While 67% of Americans identified the avalanche method as the most successful for them (paying down the debts with the highest interest rates first), we found women (74%) were more open to this approach than men (62%). In contrast, men identified both creating a budget and getting a second job (70% each) as successful methods for getting out of debt more frequently than women did.
While men and women typically only differed within a few percentage points over which debt reduction methods were the most successful, more than half of women (56%) identified taking out a personal loan as successful compared to just 36% of men.
An Endless Cycle
Creating a financial budget (and sticking to it) can be a successful method for getting out of debt, but when your expenses exceed your income, or you encounter unexpected costs from medical bills or repairs, debt can start to feel like an endless cycle.
Despite a majority of Americans acknowledging having climbed out from underneath their credit card debt at some point, nearly as many found themselves back in similar positions afterward. Eighty-three percent of people said they had fallen back into the same deficit some time later. Overwhelmingly, a lack of savings (43%), spending beyond their means (38%), and not budgeting (35%) were listed as the biggest factors contributing to repeat debt.
Millennials may be the most likely generation to experience cycles of debt due to a lack of savings (51%), followed by not budgeting (44%) and spending beyond their means (40%). Despite receiving constant attention for their traveling and spending habits, millennials were only slightly more likely to be back in debt as a result of their travel spending (20%) compared to Generation X respondents (19%) and baby boomers (17%).
Evaluating Your Financial Future
With an average of roughly $5,600 in credit card debt and $6,800 in personal loan debt, roughly 4 in 5 Americans are optimistic that they'll be able to get out of debt and keep it that way. Including 87% of baby boomers and 82% of Gen Xers and millennials, a majority of spenders believe achieving a debt-free status is still a possibility.
While baby boomers were generally the most optimistic about the future of their finances, more than 1 in 10 baby boomers surveyed admitted to feeling pessimistic about their ability to get out of debt permanently. In 2018, half of job gains throughout the year were due to older employees putting off retirement and staying in the workforce longer than expected.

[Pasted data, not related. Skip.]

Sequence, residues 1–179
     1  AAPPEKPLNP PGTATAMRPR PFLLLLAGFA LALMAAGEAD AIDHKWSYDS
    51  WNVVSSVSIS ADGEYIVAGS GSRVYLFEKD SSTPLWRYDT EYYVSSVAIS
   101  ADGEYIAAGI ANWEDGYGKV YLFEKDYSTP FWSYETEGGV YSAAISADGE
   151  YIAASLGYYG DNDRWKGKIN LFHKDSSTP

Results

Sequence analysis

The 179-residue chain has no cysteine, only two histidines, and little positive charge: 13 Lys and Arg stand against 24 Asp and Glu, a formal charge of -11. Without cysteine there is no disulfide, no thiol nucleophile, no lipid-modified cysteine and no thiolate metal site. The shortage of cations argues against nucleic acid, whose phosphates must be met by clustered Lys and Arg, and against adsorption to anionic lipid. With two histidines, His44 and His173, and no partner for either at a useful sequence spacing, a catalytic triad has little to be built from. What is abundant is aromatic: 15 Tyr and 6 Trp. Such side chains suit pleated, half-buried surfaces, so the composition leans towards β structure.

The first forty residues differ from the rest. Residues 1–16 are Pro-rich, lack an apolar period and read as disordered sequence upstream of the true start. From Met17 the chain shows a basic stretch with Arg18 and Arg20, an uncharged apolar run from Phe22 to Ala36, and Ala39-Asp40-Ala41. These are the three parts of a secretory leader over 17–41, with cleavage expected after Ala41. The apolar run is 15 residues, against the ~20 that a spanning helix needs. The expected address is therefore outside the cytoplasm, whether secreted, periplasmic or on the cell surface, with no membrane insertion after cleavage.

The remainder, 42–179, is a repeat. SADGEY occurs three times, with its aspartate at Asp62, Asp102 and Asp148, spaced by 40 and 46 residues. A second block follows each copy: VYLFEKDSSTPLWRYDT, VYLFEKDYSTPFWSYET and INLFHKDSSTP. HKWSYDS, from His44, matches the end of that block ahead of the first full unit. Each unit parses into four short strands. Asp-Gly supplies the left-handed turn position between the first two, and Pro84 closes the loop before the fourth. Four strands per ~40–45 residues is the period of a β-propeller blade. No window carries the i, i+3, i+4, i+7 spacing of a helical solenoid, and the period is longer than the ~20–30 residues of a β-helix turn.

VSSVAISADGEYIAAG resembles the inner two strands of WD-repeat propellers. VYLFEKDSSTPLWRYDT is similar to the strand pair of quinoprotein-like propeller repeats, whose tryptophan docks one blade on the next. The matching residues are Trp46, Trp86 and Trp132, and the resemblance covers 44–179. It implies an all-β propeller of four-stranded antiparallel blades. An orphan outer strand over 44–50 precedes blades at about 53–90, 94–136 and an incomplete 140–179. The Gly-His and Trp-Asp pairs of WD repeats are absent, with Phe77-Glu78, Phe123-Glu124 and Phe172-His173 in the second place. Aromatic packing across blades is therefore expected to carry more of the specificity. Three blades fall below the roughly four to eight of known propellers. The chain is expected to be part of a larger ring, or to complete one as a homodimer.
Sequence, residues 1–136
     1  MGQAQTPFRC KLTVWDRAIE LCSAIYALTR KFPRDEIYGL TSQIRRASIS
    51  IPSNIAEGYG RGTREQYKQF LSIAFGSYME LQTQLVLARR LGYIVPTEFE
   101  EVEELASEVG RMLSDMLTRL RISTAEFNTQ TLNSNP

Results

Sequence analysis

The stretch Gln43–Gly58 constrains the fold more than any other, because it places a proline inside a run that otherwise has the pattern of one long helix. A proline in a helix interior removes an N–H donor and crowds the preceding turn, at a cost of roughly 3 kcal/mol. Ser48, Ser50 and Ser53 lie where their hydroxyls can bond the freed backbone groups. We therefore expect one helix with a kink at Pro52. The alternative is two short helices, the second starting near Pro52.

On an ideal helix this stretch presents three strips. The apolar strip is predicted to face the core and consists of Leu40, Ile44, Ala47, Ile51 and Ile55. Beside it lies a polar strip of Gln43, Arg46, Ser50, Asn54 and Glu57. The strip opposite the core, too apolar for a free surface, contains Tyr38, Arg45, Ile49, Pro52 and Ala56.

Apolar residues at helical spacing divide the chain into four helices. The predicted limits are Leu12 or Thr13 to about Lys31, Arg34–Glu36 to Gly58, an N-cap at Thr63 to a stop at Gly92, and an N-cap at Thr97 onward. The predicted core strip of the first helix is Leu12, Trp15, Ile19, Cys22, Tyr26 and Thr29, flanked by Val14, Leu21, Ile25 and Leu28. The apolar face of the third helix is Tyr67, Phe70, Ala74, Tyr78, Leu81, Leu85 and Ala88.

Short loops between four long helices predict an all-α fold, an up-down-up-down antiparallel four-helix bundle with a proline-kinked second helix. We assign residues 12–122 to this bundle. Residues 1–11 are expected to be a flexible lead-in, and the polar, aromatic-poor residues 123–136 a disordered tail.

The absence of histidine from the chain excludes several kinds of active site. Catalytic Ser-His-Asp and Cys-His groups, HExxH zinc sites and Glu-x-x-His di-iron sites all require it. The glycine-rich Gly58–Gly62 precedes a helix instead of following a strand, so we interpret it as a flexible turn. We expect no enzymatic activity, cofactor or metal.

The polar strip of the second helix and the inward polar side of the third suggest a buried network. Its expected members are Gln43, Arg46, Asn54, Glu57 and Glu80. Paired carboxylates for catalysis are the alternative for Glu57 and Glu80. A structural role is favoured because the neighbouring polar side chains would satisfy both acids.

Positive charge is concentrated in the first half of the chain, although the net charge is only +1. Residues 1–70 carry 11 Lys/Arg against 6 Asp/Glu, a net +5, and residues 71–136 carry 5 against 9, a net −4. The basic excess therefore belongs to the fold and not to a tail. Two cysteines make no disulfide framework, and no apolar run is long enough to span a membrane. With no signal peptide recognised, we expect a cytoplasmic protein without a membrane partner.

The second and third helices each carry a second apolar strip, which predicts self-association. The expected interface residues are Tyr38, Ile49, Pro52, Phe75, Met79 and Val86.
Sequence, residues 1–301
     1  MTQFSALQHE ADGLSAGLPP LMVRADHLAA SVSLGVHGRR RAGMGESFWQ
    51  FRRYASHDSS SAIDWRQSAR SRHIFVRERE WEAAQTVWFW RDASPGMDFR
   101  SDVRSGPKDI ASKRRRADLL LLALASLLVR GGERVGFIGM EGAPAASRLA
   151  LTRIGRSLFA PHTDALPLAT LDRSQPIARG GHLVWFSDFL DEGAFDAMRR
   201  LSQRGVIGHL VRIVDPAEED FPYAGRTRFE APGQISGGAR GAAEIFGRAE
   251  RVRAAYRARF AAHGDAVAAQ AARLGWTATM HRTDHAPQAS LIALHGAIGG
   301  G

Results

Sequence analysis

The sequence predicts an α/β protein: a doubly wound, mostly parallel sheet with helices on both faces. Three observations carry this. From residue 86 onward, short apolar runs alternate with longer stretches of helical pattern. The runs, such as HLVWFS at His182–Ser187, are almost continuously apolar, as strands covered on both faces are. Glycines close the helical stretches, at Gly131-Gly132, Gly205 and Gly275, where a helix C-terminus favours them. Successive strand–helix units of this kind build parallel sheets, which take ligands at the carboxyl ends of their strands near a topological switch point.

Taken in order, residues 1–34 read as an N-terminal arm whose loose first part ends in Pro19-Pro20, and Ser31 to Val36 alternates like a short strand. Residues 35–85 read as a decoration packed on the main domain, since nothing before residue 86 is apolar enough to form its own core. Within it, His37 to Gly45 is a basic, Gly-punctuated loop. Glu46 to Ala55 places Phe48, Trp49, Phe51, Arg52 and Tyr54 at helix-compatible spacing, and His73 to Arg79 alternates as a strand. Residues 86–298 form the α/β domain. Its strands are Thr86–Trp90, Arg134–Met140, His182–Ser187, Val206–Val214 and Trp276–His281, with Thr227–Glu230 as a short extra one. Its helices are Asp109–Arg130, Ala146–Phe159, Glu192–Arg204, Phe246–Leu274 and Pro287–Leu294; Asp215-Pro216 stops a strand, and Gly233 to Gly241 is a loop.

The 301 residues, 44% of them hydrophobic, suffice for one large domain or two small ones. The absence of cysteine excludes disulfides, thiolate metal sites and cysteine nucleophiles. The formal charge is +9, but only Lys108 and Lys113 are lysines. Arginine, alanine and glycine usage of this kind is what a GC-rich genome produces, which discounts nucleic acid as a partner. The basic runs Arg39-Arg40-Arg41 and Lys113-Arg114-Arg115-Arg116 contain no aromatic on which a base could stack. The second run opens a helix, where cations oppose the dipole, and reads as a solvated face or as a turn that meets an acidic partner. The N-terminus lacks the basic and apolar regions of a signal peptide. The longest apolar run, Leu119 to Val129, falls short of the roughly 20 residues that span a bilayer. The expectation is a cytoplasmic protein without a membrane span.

Building a Better Future
For millions of Americans, the reality of debt across their credit cards, personal loans, and housing expenses is a constant struggle. While many of those surveyed identified finding a way out of debt over time by building successful budgets or utilizing different methods of paying off their obligations, nearly as many found themselves back in debt some time later. Despite a majority of Americans feeling confident that they may be able to avoid debt permanently in the future, older respondents were more likely to feel discouraged about the long-term state of their finances.
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Methodology and Limitations
We surveyed 980 people who have previously paid off credit card debt, personal loan debt, payday advances, and/or home equity lines of credit and then found themselves in debt in one of these categories again.
These are the only debt types we explored.
We had 489 men, 490 women, and 1 nonbinary respondent take our survey. Our generation breakdown is as follows:
- Millennials (born 1981 to 1997): 514
- Generation X (born 1965 to 1980): 325
- Baby boomers (born 1946 to 1964): 116
The remaining respondents belonged to other generations.
This survey is based on self-reporting. This means people could have over- or underestimated their debt amounts and the length of time spent paying them off.
Fair Use Statement
Are your readers nervous about their financial futures too? We encourage you to share the results of this study for any noncommercial use with a link back to this page to recognize our talented team of contributors for their work and findings.